The Community College Pathway & Student Outcomes: Evidence from the Education Longitudinal Study of 2002
Author(s)Fuschillo, Alanna Lee
Contributor(s)Wei, Thomas E
Community colleges -- Research
Community college education
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Over the past decade, postsecondary education has become essential to compete for a broader array of job opportunities. Over the same period, the cost of college has risen exponentially, creating financial barriers to entry. One mechanism identified to both make college more affordable and accessible is the use of two-year community colleges as a means towards earning a bachelor’s degree. I investigate the viability of the “community college transfer pathway” by examining the relationship between prior community college attendance and (1) the probability of obtaining a bachelor’s degree and (2) early career earnings. Using the Education Longitudinal Study of 2002’s data on college enrollment patterns, I compare successful two-year to four-year college transfers to a base group of students who opt to initially enroll in four-year institutions. The results indicate that students who successfully transfer from a two-year to a four-year college have a higher probability of obtaining a bachelor’s degree in eight years. However, the results also generally suggest that there is little practical difference in earnings for students who take different routes to a bachelor’s degree-granting institution.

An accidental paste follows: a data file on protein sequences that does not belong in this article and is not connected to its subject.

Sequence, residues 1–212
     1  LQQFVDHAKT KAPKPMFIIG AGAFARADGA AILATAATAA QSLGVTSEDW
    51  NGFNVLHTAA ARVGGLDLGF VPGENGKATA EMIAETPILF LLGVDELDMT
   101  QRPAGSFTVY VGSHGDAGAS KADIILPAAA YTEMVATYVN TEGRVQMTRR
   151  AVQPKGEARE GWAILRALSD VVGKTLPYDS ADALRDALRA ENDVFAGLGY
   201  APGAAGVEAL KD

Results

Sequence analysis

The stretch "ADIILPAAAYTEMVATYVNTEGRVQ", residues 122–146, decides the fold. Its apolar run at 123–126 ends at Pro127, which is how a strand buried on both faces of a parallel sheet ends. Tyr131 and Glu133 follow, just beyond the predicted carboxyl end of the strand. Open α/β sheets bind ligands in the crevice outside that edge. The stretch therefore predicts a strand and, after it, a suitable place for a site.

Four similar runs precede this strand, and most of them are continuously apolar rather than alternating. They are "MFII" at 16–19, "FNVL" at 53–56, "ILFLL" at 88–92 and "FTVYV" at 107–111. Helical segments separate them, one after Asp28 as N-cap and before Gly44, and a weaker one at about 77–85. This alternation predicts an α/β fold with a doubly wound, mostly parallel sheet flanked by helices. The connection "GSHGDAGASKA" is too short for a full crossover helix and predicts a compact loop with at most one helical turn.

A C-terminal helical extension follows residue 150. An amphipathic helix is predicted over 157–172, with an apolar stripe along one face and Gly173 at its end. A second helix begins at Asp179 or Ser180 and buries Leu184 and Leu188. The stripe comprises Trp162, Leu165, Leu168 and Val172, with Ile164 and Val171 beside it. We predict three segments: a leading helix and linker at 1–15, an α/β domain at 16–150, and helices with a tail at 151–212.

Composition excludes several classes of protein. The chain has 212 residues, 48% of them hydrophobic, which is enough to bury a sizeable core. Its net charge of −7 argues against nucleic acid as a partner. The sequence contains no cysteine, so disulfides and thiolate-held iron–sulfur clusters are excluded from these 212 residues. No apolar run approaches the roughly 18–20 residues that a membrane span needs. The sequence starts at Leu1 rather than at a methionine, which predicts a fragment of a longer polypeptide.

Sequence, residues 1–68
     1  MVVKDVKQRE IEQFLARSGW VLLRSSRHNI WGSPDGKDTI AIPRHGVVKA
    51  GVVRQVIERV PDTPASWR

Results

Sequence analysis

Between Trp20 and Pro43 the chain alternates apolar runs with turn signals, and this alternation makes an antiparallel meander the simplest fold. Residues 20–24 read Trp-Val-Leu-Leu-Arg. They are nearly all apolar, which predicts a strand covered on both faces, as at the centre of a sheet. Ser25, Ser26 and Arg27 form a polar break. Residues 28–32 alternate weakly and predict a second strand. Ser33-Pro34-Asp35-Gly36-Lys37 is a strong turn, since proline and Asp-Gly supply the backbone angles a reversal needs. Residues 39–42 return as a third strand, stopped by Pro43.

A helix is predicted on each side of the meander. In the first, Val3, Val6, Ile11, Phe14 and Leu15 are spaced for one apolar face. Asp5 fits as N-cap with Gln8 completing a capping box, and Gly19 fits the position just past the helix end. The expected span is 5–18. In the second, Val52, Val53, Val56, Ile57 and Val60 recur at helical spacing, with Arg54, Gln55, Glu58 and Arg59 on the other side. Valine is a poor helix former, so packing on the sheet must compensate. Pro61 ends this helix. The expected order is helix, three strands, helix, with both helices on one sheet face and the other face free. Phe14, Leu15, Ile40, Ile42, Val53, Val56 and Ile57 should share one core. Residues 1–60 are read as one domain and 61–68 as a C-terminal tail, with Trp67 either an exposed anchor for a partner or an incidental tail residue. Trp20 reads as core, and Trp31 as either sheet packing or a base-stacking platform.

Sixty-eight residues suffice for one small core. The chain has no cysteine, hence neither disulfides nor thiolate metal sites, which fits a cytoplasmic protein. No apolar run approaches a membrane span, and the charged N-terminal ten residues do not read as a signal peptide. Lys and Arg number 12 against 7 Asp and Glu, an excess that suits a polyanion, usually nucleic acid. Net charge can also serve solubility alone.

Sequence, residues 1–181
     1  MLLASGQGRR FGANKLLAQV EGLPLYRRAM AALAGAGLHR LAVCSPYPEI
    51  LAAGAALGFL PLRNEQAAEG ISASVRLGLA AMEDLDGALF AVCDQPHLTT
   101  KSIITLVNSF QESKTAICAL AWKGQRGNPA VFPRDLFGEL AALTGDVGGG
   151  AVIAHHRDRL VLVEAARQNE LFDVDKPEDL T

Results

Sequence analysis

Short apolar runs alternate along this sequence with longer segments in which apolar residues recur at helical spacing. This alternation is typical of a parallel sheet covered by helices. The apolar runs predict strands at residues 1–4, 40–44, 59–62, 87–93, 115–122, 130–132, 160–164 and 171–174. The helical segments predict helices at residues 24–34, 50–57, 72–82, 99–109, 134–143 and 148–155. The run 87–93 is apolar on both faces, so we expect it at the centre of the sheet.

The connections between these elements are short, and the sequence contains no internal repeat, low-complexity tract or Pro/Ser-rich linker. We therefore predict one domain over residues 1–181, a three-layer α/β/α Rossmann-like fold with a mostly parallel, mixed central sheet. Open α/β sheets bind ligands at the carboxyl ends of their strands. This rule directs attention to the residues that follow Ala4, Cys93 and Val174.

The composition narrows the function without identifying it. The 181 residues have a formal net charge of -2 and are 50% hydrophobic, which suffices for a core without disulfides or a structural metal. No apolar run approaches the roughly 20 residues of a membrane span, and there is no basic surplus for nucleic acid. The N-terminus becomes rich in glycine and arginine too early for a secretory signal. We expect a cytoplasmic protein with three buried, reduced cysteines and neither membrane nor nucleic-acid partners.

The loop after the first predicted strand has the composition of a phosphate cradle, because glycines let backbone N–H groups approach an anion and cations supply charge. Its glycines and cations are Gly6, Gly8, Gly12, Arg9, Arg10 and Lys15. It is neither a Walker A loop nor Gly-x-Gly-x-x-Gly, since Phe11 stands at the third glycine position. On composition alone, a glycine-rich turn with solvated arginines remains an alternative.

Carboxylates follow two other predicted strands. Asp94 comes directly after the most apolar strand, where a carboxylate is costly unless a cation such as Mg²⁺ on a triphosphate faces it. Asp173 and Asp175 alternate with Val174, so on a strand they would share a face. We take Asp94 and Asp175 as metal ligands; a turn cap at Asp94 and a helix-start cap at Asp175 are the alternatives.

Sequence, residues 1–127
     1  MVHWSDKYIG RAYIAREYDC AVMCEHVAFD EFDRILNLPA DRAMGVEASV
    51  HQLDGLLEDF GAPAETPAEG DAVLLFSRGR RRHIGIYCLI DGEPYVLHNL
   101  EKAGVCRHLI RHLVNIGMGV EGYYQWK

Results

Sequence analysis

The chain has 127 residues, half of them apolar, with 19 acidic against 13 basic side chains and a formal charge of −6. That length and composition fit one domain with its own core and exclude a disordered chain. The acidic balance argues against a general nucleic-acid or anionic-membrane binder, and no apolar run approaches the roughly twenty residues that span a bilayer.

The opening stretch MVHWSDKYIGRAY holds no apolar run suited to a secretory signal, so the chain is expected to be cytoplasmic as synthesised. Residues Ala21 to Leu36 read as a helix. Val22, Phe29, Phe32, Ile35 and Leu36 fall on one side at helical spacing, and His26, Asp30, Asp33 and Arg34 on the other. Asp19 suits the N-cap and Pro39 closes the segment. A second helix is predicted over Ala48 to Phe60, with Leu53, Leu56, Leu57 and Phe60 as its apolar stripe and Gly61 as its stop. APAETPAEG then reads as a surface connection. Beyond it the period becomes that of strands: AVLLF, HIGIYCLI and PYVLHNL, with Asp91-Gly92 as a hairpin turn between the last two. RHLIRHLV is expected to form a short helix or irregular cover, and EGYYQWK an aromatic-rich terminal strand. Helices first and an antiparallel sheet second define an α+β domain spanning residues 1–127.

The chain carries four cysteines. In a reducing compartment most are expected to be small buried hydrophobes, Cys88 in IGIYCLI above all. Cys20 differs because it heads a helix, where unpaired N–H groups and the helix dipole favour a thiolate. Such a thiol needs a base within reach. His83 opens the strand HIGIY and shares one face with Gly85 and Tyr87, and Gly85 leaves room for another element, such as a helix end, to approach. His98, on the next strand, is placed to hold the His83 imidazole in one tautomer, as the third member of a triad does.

APT-BAG: georgetown.edu.10822_1040838.tar;APT-ETAG: b9b494e6d122449f50a2da0bdf17ecfd; APT-DATE: 2017-02-15_15:33:42